Bowtie is an ultrafast, memory-efficient alignment program for aligning short DNA sequence reads to large genomes. For the human genome, Burrows-Wheeler indexing allows Bowtie to align more than 25 million reads per CPU hour with a memory footprint of approximately 1.3 gigabytes. Bowtie extends previous Burrows-Wheeler techniques with a novel quality-aware backtracking algorithm that permits mismatches. Multiple processor cores can be used simultaneously to achieve even greater alignment speeds.
We have developed a program SOAP for efficient gapped and ungapped alignment of short oligonucleotides onto reference sequences. The program is designed to handle the huge amounts of short reads generated by parallel sequencing using the new generation Illumina-Solexa sequencing technology. SOAP is compatible with numerous applications, including single-read or pair-end resequencing, small RNA discovery and mRNA tag sequence mapping. SOAP is a command-driven program, which supports multi-threaded parallel computing, and has a batch module for multiple query sets.
New sequencing technologies promise a new era in the use of DNA sequence. However, some of these technologies produce very short reads, typically of a few tens of base pairs, and to use these reads effectively requires new algorithms and software. In particular, there is a major issue in efficiently aligning short reads to a reference genome and handling ambiguity or lack of accuracy in this alignment. Here we introduce the concept of mapping quality, a measure of the confidence that a read actually comes from the position it is aligned to by the mapping algorithm.
The enormous amount of short reads generated by the new DNA sequencing technologies call for the development of fast and accurate read alignment programs. A first generation of hash table-based methods has been developed, including MAQ, which is accurate, feature rich and fast enough to align short reads from a single individual. However, MAQ does not support gapped alignment for single-end reads, which makes it unsuitable for alignment of longer reads where indels may occur frequently.
MicroRNAs (miRNAs) are short abundant non-coding RNAs critical for many cellular processes. Deep sequencing (next-generation sequencing) technologies are being readily used to receive a more accurate depiction of miRNA expression profiles in living cells. This type of analysis is a key step towards improving our understanding of the complexity and mode of miRNA regulation.
Standard DNA alignment programs are inadequate to manage the data produced by new generation DNA sequencers. To answer this problem, we developed PASS with the objective of improving execution time and sensitivity when compared with other available programs. PASS performs fast gapped and ungapped alignments of short DNA sequences onto a reference DNA, typically a genomic sequence. It is designed to handle a huge amount of reads such as those generated by Solexa, SOLiD or 454 technologies.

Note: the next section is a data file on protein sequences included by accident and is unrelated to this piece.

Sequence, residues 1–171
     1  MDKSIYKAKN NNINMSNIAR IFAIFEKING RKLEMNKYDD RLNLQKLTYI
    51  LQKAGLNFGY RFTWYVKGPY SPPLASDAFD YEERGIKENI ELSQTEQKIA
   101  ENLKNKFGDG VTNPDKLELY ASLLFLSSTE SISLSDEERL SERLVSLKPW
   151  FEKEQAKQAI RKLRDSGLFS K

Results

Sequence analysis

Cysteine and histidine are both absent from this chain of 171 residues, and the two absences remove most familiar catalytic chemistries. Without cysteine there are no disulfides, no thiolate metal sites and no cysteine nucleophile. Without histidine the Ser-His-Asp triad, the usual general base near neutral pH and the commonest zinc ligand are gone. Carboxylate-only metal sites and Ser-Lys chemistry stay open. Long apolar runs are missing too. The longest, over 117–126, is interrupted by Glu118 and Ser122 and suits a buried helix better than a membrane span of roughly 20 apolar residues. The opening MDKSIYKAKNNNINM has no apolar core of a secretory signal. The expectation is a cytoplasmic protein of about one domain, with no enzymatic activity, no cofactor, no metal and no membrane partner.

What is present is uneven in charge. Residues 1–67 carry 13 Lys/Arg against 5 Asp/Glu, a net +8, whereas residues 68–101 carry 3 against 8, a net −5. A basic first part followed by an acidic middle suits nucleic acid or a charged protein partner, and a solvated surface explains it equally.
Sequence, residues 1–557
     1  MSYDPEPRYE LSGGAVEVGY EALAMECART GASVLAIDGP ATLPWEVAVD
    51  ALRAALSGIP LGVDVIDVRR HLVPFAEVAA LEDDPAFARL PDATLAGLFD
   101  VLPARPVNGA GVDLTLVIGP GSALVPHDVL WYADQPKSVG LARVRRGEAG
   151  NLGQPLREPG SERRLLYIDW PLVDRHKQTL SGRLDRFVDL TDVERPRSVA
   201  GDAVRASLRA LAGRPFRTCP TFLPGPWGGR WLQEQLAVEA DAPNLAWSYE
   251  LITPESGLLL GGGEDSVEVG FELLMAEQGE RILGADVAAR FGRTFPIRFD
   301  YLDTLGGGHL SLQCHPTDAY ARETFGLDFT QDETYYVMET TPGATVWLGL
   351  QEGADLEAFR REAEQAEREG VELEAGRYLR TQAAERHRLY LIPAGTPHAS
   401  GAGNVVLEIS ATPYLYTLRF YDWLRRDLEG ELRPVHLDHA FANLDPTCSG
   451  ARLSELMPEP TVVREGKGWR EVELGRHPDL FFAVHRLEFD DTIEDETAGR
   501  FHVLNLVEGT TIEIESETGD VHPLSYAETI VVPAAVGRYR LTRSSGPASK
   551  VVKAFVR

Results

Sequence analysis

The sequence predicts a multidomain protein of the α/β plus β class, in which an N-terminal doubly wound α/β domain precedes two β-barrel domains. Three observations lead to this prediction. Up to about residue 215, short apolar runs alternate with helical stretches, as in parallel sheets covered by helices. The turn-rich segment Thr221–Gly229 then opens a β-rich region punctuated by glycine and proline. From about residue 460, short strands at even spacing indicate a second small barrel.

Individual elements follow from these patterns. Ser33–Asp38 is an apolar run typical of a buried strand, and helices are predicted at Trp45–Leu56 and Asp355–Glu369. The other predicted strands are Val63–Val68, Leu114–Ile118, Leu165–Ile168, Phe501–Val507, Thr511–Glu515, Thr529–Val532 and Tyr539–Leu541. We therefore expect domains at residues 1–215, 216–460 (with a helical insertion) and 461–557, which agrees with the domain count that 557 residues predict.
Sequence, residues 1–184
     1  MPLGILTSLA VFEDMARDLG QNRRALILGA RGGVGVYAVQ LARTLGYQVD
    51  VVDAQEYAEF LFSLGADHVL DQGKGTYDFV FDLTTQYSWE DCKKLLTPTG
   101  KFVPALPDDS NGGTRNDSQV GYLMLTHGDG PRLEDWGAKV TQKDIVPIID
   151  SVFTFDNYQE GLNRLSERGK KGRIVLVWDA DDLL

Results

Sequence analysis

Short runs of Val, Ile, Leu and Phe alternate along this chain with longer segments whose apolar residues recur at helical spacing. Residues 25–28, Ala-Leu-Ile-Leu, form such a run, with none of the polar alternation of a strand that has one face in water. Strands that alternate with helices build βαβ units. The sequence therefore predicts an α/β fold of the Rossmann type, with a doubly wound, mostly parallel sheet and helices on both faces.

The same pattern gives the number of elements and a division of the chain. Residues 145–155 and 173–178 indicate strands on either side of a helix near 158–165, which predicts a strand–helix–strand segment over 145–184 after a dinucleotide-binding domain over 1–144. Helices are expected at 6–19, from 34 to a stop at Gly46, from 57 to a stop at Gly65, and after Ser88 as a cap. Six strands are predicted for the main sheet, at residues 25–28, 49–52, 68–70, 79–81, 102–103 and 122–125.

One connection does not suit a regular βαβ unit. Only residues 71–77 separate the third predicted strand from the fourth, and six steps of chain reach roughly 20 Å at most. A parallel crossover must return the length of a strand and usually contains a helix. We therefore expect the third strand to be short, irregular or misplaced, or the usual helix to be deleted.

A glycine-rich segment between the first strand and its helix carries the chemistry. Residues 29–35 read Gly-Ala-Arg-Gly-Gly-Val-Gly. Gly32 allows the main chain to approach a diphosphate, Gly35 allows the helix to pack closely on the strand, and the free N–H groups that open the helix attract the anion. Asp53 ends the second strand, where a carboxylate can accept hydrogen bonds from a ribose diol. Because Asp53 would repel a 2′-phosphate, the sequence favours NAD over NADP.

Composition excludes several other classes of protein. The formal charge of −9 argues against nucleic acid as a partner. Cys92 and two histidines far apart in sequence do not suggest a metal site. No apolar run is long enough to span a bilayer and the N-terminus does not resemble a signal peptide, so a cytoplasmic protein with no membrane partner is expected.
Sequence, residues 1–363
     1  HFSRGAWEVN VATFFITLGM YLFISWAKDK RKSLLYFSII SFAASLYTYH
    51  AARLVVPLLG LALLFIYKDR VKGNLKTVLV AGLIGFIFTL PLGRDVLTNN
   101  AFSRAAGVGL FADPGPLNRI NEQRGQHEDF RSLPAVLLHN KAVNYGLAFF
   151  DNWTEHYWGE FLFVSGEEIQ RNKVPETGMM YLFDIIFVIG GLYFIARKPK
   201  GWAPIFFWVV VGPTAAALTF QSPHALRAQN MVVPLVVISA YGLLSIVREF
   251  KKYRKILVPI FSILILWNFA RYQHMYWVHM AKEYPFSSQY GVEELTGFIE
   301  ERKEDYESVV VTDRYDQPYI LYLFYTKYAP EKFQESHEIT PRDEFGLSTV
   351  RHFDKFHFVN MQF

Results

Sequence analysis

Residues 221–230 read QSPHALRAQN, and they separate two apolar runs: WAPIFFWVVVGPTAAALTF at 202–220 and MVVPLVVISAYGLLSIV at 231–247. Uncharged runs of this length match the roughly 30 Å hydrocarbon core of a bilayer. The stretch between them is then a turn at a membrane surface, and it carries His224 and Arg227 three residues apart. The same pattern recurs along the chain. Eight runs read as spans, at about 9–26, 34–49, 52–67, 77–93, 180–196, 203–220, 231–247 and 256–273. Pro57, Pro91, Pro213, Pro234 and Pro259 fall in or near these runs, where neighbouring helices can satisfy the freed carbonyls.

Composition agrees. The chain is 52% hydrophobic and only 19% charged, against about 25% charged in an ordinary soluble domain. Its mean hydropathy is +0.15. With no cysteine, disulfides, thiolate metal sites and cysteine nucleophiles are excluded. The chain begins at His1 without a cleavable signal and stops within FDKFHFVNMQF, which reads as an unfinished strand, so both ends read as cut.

With few exceptions, current methods for short read mapping make use of simple seed heuristics to speed up the search. Most of the underlying matching models neglect the necessity to allow not only mismatches, but also insertions and deletions. Current evaluations indicate, however, that very different error models apply to the novel high-throughput sequencing methods. While the most frequent error-type in Illumina reads are mismatches, reads produced by 454's GS FLX predominantly contain insertions and deletions (indels).
We present a tool suited for searching for many short nucleotide sequences in large databases, allowing for a predefined number of gaps and mismatches. The commandline-driven program implements a non-deterministic automata matching algorithm on a keyword tree of the search strings. Both queries with and without ambiguity codes can be searched. Search time is short for perfect matches, and retrieval time rises exponentially with the number of edits allowed.
The development of Next Generation Sequencing technologies, capable of sequencing hundreds of millions of short reads (25-70 bp each) in a single run, is opening the door to population genomic studies of non-model species. In this paper we present SHRiMP - the SHort Read Mapping Package: a set of algorithms and methods to map short reads to a genome, even in the presence of a large amount of polymorphism.
Small RNA sequencing allows genome-wide discovery, categorization, and quantification of genes producing regulatory small RNAs. Many tools have been described for annotation and quantification of microRNA loci (MIRNAs) from small RNA-seq data. However, in many organisms and tissue types, MIRNA genes comprise only a small fraction of all small RNA-producing genes.